I’d never had lamb before, and it occurred to me that should I ever have to face a live one, sweet and small with dark, shining eyes and fluffy tufts (which I recalled I was supposed to keep counting for solace from the dark recesses of my daybed, deep beneath blankets), I’d not be able to take a bite. Besides, I was only twelve years old and felt adventurous, imagining myself a princess at some royal ball in a foreign place. As I pushed any nagging morals aside like the undercooked potatoes on my plate, there was a screech, something scraping against the china—not the tine of my fork and its simple metallic din but almost as horripilant. Sheba looked up from her food, her endless fingers elegantly balancing her utensils like delicate paintbrushes fashioning Chinese calligraphy. There were Asian accents placed expertly throughout the Winters’ house; Diane was an interior designer and had fashioned our meal that night: sweet Moroccan lamb, rosemary potatoes, some sort of lake-green vegetable my palate could not translate, and a generic starter salad (to be sure we’d eat something). My mother cleaned the Winters’ house, but Sheba and I, being close in age, had become friends and had frequent sleepovers. She was an exotic and cultured girl. I was imaginative, and read a lot, thereby inhabiting from the comfort of our one-bedroom apartment all the places I may never actually be able to see. We both loved Bon Jovi.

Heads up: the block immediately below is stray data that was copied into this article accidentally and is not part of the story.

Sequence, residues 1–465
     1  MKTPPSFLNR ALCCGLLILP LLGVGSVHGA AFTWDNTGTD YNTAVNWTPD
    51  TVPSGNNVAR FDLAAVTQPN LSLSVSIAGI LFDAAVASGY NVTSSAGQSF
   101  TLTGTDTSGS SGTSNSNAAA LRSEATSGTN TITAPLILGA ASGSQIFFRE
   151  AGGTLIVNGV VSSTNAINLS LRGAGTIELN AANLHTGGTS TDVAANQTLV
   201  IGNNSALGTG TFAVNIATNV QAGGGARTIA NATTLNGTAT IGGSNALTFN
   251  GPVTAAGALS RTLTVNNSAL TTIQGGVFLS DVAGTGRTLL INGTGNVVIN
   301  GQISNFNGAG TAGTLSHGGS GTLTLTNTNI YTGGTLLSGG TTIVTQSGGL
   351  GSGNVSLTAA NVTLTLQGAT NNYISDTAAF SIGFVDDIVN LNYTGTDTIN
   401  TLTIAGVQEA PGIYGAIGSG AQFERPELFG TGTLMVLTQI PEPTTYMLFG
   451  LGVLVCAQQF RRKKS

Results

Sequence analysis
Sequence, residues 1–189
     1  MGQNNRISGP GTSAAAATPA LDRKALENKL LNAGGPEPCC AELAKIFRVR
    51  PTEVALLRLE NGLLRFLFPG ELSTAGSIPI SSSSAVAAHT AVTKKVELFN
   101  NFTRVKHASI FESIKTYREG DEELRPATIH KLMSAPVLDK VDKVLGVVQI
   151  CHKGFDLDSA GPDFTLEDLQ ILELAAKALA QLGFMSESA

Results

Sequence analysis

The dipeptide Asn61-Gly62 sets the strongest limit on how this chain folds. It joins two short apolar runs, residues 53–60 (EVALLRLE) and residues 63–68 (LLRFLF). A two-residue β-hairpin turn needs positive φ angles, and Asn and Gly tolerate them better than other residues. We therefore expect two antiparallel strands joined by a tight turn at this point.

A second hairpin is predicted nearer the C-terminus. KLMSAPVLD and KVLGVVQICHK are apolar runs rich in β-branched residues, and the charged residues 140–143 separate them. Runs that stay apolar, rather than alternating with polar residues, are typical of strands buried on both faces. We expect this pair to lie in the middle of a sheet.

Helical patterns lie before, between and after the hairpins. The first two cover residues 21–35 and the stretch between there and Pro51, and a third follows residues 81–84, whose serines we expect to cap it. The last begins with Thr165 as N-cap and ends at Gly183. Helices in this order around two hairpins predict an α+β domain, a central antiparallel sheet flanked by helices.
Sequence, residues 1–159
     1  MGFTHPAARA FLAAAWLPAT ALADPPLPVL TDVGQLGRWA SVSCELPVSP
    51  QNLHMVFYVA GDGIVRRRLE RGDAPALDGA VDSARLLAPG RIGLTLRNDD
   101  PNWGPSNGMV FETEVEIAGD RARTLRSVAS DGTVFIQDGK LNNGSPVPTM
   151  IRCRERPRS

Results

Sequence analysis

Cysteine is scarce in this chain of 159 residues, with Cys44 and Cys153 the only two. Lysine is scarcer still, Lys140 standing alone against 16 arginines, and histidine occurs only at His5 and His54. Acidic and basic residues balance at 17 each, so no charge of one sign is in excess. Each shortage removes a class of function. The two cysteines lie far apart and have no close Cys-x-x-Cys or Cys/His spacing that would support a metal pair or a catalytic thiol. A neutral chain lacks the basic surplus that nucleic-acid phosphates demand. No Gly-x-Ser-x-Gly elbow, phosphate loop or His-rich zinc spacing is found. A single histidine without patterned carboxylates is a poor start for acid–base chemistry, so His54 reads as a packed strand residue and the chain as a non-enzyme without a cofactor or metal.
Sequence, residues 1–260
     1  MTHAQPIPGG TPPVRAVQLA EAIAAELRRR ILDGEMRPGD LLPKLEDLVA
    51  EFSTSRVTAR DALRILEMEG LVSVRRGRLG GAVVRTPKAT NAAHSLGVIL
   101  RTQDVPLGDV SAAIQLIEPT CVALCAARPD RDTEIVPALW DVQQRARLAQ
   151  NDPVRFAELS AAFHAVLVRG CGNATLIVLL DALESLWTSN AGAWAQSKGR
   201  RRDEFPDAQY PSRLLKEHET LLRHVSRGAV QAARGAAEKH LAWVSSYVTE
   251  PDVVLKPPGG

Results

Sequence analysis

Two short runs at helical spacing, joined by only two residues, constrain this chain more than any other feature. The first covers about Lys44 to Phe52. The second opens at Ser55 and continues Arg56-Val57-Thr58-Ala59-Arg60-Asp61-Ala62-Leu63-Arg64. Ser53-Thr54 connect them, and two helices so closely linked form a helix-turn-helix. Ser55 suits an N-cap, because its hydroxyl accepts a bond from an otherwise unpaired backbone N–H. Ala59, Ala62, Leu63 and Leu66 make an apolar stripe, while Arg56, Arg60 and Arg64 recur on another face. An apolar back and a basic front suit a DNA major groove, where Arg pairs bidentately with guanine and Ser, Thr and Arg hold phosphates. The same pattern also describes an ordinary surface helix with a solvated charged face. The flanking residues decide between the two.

Sorting through the entrée, my fork finally revealed a glimmer from a piece of lamb. It looked like a small gemstone was hidden inside…had I discovered a secret bit of riches? My mind wandered down future paths scattered with opulent imagery from books, poems, and films I loved: “Treasure Island”; “The Little Princess”; “Jewel of the Nile”, “El Dorado”. Sheba looked over at what I was unearthing. “Mom, Joann’s food has something in it!” Her mother glanced across the table, one eyebrow lifted, to see what we were getting at. Surely there was nothing offensive in this divine meal. Upon cutting around the obstruction, I lifted my plate as Diane walked over to inspect it, only to find the broken bulb from a mercury thermometer.
—Joann K. Deiudicibus is a Composition Program Assistant at State University of New York, New Paltz